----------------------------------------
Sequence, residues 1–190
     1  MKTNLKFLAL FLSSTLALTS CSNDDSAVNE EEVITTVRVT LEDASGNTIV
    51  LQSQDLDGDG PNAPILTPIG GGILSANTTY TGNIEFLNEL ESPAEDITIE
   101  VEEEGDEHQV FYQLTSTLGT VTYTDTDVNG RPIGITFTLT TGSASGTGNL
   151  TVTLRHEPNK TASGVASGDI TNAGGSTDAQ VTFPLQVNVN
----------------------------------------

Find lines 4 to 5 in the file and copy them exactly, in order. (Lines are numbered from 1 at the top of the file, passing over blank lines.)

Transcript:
   101  VEEEGDEHQV FYQLTSTLGT VTYTDTDVNG RPIGITFTLT TGSASGTGNL
   151  TVTLRHEPNK TASGVASGDI TNAGGSTDAQ VTFPLQVNVN